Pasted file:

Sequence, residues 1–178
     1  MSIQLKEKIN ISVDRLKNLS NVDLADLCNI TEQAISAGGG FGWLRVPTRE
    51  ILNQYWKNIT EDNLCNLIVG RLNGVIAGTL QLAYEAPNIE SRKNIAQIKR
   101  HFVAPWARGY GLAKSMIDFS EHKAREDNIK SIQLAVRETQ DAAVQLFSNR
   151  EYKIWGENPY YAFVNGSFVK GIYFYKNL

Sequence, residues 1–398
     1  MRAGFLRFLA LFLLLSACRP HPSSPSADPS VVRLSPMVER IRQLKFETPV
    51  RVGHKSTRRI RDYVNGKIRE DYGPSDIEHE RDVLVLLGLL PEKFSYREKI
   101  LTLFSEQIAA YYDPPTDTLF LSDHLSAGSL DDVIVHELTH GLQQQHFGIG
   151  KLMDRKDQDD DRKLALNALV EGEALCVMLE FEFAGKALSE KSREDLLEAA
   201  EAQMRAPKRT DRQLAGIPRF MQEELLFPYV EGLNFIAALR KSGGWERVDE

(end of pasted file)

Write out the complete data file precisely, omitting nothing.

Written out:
Sequence, residues 1–178
     1  MSIQLKEKIN ISVDRLKNLS NVDLADLCNI TEQAISAGGG FGWLRVPTRE
    51  ILNQYWKNIT EDNLCNLIVG RLNGVIAGTL QLAYEAPNIE SRKNIAQIKR
   101  HFVAPWARGY GLAKSMIDFS EHKAREDNIK SIQLAVRETQ DAAVQLFSNR
   151  EYKIWGENPY YAFVNGSFVK GIYFYKNL

Sequence, residues 1–398
     1  MRAGFLRFLA LFLLLSACRP HPSSPSADPS VVRLSPMVER IRQLKFETPV
    51  RVGHKSTRRI RDYVNGKIRE DYGPSDIEHE RDVLVLLGLL PEKFSYREKI
   101  LTLFSEQIAA YYDPPTDTLF LSDHLSAGSL DDVIVHELTH GLQQQHFGIG
   151  KLMDRKDQDD DRKLALNALV EGEALCVMLE FEFAGKALSE KSREDLLEAA
   201  EAQMRAPKRT DRQLAGIPRF MQEELLFPYV EGLNFIAALR KSGGWERVDE